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Most low-cost SSL certificate providers really only verify that you control a domain name. For those types of certificates, rather than pay a third party to verify that I control the DNS records for the domain, why not "sign" the certificate in DNS? If I generate a keypair on a server and publish the same public key in DNS for the hostname, I'd think that would be an equivalent level of security.

I see two problems with the design, but both seem minimal:

  1. EA certificates and the higher-level certs that verify personal/corporate details can't be done this way. Organizations wishing to pay to get the green bar in browsers are free to continue doing so.
  2. A malicious network with rogue DNS servers could redirect you to both a different hostname and a different trusted SSL certificate. Perhaps DNSSEC could take care of this repudiation problem?

I'm not aware of any browsers implementing something like this, but it seems like it would be a good method to at least get a trusted, encrypted connection without displaying the dreaded "Untrusted certificate" dialog. Aside from the issues I noted above and existing commercial certification authorities fighting the idea, are there any other reasons doing this would be a bad idea?

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5 Answers 5

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It's already perfectly possible to encode an X.509 certificate inside a DNS Record - look at the CERT record type from RFC 4398.

The main reason it's not being done in anger much is because the transport mechanism isn't yet secure. This will change dramatically later this year when the root zone gets DNSSEC signed and as more and more TLDs support DNSSEC.

DNS query size (as mentioned elsewhere) is also a concern, although it's worth noting that the CERT RR also allows you to simply store the URL from which the real X.509 certificate can be downloaded. At this point there's something of a chicken and egg problem, though...

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Now that DANE exists, ths answer should be edited... –  bortzmeyer Oct 21 '12 at 19:24

SSL certificates are supposed to validate the identity of the site, so that the end user can be sure their request hasn't been diverted by a poisoned DNS server, bogus BGP broadcast, or other dirty trick that would also allow a bogus certificate served from DNS to look valid.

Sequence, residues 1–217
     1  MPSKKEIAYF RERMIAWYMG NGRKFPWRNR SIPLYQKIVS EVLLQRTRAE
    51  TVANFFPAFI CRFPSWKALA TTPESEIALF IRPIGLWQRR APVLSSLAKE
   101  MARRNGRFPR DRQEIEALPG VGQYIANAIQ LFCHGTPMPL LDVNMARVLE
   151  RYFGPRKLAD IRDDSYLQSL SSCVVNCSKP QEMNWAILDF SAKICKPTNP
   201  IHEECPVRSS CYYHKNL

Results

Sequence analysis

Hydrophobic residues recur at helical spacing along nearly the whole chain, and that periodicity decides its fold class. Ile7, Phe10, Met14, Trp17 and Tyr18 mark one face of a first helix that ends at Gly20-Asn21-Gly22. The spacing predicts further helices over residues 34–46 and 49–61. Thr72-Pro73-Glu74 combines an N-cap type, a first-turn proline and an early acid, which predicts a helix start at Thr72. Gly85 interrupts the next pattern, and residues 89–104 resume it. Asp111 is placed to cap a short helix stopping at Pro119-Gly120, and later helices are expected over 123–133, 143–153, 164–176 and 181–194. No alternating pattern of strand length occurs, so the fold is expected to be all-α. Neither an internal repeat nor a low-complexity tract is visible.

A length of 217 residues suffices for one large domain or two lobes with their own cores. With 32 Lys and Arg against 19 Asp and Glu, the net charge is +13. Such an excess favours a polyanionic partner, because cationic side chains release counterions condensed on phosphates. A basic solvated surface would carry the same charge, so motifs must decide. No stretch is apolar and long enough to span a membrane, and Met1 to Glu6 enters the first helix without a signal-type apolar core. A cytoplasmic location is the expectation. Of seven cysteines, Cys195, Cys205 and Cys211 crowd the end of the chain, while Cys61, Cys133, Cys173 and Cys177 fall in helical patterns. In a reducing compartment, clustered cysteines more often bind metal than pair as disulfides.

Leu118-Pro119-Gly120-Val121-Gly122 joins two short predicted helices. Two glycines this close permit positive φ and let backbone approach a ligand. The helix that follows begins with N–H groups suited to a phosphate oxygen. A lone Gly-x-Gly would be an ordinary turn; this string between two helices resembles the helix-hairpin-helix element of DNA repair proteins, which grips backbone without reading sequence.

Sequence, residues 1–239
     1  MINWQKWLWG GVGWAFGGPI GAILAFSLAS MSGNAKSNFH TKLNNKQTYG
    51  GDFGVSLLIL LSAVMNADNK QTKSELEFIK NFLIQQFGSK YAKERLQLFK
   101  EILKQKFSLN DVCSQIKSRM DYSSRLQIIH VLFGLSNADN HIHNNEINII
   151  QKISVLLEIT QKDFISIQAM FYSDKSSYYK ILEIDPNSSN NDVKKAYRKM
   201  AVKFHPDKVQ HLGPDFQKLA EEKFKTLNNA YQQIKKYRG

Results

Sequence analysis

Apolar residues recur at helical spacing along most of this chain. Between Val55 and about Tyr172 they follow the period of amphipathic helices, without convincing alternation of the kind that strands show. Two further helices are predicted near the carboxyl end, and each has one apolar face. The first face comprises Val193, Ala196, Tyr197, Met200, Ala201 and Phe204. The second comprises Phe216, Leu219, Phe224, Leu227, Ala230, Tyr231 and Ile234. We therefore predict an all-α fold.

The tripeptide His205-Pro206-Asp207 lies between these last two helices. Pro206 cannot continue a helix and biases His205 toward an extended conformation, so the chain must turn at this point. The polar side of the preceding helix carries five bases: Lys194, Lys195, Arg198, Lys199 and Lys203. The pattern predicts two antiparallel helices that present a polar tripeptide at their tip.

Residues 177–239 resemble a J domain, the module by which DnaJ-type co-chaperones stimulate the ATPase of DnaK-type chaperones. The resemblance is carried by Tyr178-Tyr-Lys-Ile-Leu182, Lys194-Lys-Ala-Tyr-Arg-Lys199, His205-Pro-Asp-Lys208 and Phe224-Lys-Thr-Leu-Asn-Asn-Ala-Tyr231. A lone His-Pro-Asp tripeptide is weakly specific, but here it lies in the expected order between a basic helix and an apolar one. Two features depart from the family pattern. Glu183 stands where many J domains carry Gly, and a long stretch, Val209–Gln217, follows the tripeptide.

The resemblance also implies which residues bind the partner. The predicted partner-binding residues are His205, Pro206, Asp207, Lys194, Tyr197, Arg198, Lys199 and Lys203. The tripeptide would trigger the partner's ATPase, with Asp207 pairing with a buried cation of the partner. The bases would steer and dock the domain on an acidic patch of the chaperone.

I say "supposed to" because then everything got watered down by "instant" certificates that prove nothing in particular, and to be honest I think browser vendors should either display the "untrusted certificate" warning for all unaudited certificates, or go ahead and allow self-signed certificates without prompting. The status quo is inconsistent.

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Which "instant" certificates don't prove anything that are also trusted by browsers? There are domain control validation certificates, which indeed do not prove your entity as an organization, but the certificates themselves also don't claim to (the relevant sections of the CSR are ignored). However, they do prove (with varying rigor) that whoever presents the certificate does control the domain name. Are there CAs in practice that are trusted but don't even validate domain control? –  Henry Merriam Mar 24 at 19:20

The lack of standardisation, and the additional management overhead (much easier to just drop a key/cert on a machine than have to also add a key -- which is likely to be quite long and hence whack up against the UDP packet limit) are the things that kill this from a practical perspective. The lack of a secured DNS is slightly concerning, but for low-value targets it's not really a practical reduction in security. For internal services, though, we just import our own CA certificate so you don't really gain anything there, and any public site that needs SSL will want a "real" certificate anyway.

I'd expect to see massive backlash and FUD from the commercial certificate providers if something like this were to be seriously pushed (RFC drafts, reference implementations, etc) -- like any parasite, they get awfully annoyed when their cash cow looks like it might get slaughtered.

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Since I asked this question years ago, there's been some positive development towards making this a reality. The combination of DNSSEC to secure your DNS with published TLS certificates in DNS allows this goal. Google Chrome has supported DNSSEC-stapled certificates for a while now, and now RFC6698 DNS-Based Authentication of Named Entities (DANE) is an attempt to standardize this support.

It'll be a few more years before the browser support for this is widespread, but I'm looking forward to it.

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Maybe it is better to keep things simple - i.e. not make DNS do more than it is supposed to. I am kind of wary on adding stuff especially when it comes to security. Sometimes less is more. The main reason behind my thinking is because DNS and SSL are not in the same domain and do not have similar functionality nor purpose.

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